# What are Ccf, Mcf, Btu, and therms? How do I convert natural gas prices in dollars per Ccf or Mcf to dollars per Btu or therm?

BtuBritish thermal unit(s)
Ccf
—the volume of 100 cubic feet (cf)
M—one thousand (1,000)
MM—one million (1,000,000)
Mcf—the volume of 1,000 cubic feet
MMBtu—1,000,000 British thermal units
Therm—One therm equals 100,000 Btu, or 0.10 MMBtu

In the United States, natural gas can be priced in units of dollars per therm, dollars per MMBtu, or dollars per cubic feet.1 The heat content of natural gas per physical unit (such as Btu per cubic foot) is needed to convert these prices from one price basis to another. In 2018, the U.S. annual average heat content of natural gas for the residential, commercial, industrial, and transportation sectors was about 1,036 Btu per cubic foot. Therefore, 100 cubic feet (Ccf) of natural gas equals 103,600 Btu, or 1.036 therms. One thousand cubic feet (Mcf) of natural gas equals 1.036 MMBtu, or 10.36 therms.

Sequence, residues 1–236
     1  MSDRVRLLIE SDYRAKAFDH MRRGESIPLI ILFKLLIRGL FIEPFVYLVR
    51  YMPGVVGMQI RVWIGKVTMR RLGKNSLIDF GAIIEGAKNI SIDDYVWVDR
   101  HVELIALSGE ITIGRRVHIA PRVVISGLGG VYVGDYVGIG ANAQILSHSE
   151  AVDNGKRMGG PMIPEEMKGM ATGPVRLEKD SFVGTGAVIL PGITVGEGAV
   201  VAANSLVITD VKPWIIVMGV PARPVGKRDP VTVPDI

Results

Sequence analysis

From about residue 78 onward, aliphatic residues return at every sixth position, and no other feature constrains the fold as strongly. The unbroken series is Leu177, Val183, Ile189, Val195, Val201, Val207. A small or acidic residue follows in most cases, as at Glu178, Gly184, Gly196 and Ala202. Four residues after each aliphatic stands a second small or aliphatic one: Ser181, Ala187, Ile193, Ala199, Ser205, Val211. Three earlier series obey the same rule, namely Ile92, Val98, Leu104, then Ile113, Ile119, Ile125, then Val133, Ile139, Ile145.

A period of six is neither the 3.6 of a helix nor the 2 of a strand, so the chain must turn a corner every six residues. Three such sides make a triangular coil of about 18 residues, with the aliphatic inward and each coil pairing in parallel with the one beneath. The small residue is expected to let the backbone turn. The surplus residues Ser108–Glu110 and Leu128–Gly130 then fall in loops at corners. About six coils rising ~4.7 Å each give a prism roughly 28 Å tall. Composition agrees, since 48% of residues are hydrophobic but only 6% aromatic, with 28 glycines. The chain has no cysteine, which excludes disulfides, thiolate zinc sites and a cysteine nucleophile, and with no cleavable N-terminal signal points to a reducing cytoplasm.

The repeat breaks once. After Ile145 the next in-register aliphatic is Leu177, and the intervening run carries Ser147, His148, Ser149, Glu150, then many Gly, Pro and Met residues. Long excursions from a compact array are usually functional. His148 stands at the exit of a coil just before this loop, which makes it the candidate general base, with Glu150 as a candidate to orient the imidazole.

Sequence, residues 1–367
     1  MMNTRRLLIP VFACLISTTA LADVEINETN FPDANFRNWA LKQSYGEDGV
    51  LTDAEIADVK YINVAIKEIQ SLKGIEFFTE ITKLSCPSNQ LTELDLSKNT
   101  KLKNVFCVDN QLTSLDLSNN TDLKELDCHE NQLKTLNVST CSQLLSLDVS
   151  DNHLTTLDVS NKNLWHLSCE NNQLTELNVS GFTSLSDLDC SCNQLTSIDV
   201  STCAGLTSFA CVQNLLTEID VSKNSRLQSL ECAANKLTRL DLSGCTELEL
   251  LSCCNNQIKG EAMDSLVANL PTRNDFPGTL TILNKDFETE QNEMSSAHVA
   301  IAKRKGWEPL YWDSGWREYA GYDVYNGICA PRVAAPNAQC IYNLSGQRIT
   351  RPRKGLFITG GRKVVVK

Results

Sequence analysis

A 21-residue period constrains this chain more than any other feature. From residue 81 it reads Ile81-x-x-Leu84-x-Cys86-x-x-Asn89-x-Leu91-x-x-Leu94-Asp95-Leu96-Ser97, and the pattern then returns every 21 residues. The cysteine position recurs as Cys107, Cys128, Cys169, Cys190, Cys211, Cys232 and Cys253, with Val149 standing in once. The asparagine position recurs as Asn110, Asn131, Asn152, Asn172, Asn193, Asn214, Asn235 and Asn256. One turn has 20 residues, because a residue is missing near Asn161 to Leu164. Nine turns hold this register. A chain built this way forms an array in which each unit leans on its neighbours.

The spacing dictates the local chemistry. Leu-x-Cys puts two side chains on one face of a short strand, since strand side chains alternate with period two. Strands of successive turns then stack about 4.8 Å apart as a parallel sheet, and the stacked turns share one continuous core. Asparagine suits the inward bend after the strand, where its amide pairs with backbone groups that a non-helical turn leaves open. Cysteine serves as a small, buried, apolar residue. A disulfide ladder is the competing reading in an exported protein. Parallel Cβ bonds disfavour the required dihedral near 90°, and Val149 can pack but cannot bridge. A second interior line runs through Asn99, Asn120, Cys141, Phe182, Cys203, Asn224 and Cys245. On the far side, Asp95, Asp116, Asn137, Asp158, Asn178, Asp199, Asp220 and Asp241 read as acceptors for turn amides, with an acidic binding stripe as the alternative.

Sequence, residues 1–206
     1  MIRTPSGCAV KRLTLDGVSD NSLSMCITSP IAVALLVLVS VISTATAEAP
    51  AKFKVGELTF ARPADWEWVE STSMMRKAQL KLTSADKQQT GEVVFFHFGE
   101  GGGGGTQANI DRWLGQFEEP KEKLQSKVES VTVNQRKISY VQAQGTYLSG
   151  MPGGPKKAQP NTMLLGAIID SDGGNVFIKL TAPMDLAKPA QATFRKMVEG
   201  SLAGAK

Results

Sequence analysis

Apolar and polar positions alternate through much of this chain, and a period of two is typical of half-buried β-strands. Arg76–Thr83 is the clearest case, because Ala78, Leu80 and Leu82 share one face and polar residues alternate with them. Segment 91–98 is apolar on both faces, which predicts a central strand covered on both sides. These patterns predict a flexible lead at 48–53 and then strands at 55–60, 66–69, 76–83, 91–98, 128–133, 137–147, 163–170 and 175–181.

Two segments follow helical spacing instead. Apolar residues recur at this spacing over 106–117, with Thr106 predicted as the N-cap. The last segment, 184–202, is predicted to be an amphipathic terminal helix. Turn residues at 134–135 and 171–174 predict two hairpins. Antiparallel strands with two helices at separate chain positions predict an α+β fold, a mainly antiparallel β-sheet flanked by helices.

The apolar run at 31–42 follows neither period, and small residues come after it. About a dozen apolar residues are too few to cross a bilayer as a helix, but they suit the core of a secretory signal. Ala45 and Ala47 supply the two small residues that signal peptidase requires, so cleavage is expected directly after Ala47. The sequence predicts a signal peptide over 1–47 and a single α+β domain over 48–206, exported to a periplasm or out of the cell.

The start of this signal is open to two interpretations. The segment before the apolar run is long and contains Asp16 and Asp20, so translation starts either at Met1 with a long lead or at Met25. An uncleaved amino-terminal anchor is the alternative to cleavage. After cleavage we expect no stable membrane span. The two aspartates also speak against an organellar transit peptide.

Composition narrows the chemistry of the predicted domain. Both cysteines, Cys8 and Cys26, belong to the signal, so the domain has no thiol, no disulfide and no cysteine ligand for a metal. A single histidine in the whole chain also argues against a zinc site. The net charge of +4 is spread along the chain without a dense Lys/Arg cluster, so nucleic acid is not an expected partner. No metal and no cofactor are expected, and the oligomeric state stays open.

You can convert natural gas prices from one price basis to another with these formulas (assuming a heat content of natural gas of 1,036 Btu per cubic foot):
\$ per Ccf divided by 1.036 equals \$ per therm
\$ per therm multiplied by 1.036 equals \$ per Ccf
\$ per Mcf divided by 1.036 equals \$ per MMBtu
\$ per Mcf divided by 10.36 equals \$ per therm
\$ per MMBtu multiplied by 1.036 equals \$ per Mcf
\$ per therm multiplied by 10.36 equals \$ per Mcf

The heat content of natural gas may vary by location and by type of natural gas consumer, and it may vary over time. Consumers and analysts should contact natural gas distribution companies or natural gas suppliers for information on the heat content of the natural gas they supply to their customers. Some natural gas distribution companies or utilities may provide this information on customers' bills.

1 The U.S. Energy Information Administration reports natural gas in volumes of cubic feet through 1964 at a pressure base of 14.65 psia (pounds per square inch absolute) at 60° Fahrenheit. Beginning in 1965, the pressure base is 14.73 psia at 60° Fahrenheit.

Last updated: June 3, 2019